Posted by Aarti Shah and Neil Cole
Finance ministries throughout the world have a number of things in common. They are custodians of a country’s public finances. They also manage complex political processes and tend to attract smart people. Unsurprisingly, the job of a finance ministry official does not lend itself to popularity or friends amongst the public service fraternity. That may explain why when senior budget officials from a diverse range of countries are brought together, they have much to talk about.
Surprisingly, little has been written about how finance ministries operate, evolve, and adapt to ever-changing challenges. As part of a broader collaboration, three institutions currently thinking about capabilities (CABRI, ODI and the South African National Treasury) co-hosted a conference with the theme ‘Finance Ministries in the 21st Century’ in Johannesburg on 25 and 26 March 2015. Fifty-five participants from government, bilateral and multilateral development partners and other organizations shared their experiences from over 20 countries on how finance ministries operate as organizations, and how they could do better.
Here are some highlights.
Recent research by the ODI points to four types of capability: analytical, delivery, regulatory and coordinative. Different tasks require different combinations of these capabilities.
Analytical capability describes an organization’s ability to digest and process information and turn that into advice and political decisions. Delivery capability refers to the production of key deliverables on time, such as the budget, revenue collection and making payments. Coordinative capability is the ability to manage the activities of other parts of government to produce certain results and outcomes. Lastly, regulatory capability means the ability to control the production of particular services delivered by others.
The power and strength of finance ministries
The Johannesburg conference recognized that a staff position at a finance ministry comes with gravitas, ethical stature and the authority. The power of officials to say “no” and sometimes “yes” brings them respect if not widespread popularity. Yet, finance officials are highly dependent on others to do their job, making the capability to extract essential information from line ministries a critical career challenge. Building informal relationships with line ministry counterparts is as important as engagement through formal structures. Sometimes, finance ministries need be good storytellers as much as custodians of hard fiscal data.
The examination of capability in the public sector is not confined to finance ministries. Participants shared experiences of the uneven distribution of skills for formulating and analyzing new policies across government, and how this challenge could be addressed. In some cases, finance ministries use budget allocations to steer policy and, in other cases, they undertake the policy work themselves to fill a policy vacuum. Ideally, sufficient capabilities for policy analysis need to be built across government and not only in finance ministries.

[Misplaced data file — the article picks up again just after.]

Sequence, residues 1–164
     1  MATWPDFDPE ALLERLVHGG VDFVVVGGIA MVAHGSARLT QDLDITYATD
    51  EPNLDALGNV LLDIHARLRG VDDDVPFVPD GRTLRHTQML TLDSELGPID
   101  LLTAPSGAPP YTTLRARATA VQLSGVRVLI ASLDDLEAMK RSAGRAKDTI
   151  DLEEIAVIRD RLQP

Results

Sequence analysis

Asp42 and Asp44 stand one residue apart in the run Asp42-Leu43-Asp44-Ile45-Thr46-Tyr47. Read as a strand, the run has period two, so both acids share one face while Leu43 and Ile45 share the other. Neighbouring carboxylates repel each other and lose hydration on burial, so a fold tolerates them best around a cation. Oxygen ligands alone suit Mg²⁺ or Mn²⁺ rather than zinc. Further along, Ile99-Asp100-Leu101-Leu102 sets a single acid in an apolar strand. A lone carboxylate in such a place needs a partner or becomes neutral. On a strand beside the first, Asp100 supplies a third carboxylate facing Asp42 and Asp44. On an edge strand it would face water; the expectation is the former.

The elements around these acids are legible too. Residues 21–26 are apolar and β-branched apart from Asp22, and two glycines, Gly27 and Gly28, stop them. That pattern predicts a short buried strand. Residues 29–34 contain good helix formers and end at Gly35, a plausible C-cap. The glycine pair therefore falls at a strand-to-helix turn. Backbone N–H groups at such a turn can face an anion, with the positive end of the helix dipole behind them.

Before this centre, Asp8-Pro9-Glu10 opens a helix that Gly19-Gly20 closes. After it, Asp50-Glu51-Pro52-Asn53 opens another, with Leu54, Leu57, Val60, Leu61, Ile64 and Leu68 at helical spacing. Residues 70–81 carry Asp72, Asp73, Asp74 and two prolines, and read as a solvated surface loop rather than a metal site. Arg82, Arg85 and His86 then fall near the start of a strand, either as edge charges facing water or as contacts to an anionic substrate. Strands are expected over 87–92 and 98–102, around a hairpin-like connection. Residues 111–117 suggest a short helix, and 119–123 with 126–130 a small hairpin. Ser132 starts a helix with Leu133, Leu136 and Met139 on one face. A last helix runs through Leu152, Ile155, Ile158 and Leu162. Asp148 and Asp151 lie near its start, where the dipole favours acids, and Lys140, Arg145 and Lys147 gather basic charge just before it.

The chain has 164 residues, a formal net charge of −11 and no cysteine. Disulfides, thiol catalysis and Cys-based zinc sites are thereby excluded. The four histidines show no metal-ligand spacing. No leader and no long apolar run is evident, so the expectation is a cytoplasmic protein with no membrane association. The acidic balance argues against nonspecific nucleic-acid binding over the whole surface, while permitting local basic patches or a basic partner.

There was much debate about whether fiscal stress is a driver of innovation. Countries related their various experiences. In times of plenty, there is time to think but often innovation does not take place, as there are no pressing fiscal problems to solve. In times of stress, there is space to act but not always time to think how best to innovate. Inefficiencies build up in times of plenty and the consequences of these inefficiencies materialize in times of stress.
This dilemma raises several questions, which were discussed during the conference. How should finance ministries use times of plenty to help them prepare for times of stress? How should they use times of stress as opportunities to innovate? How much space should politicians allow finance officials to develop innovative ideas and policies, in addition to performing routine administrative tasks? How can finance officials use periods of plenty to build a stronger, more cooperative relationship with line ministries during times of plenty, and maintain these relationships during times of stress?
The conference highlighted the areas of capability that are important, relevant and underdeveloped. CABRI and ODI will jointly undertake further work to support the capabilities of finance ministries. For further information on the ‘Finance Ministries in the 21st Century’ conference please visit the CABRI and ODI conference webpages.
Note. The cartoons were part of a collection of seven drawn by Andy Mason from Azania Mania Art Kolektiv to capture key points made during the conference. This conference was part-funded with UK aid from the British people.
 Aarti Shah is an advisor at CABRI; Neil Cole is the Executive Secretary of CABRI.
 The countries represented were Benin, Botswana, Central African Republic, Ivory Coast, Finland, Lesotho, Madagascar, Malaysia, Mali, Niger, Seychelles, South Africa and Tunisia, together with representatives of DFID, AFRITAC South, GIZ, CABRI, PwC, ODI and the World Bank. Country experiences from Chile, Columbia, Germany, Mexico, Morocco and the UK, amongst others, were shared by the participants.
 Philipp Krause, Sierd Hadley, Shakira Mustapha and Bryn Welham. ‘The Capabilities of Finance Ministries’ (Conference copy). London: Overseas Development Institute
Note: The posts on the IMF PFM Blog should not be reported as representing the views of the IMF. The views expressed are those of the authors and do not necessarily represent those of the IMF or IMF policy.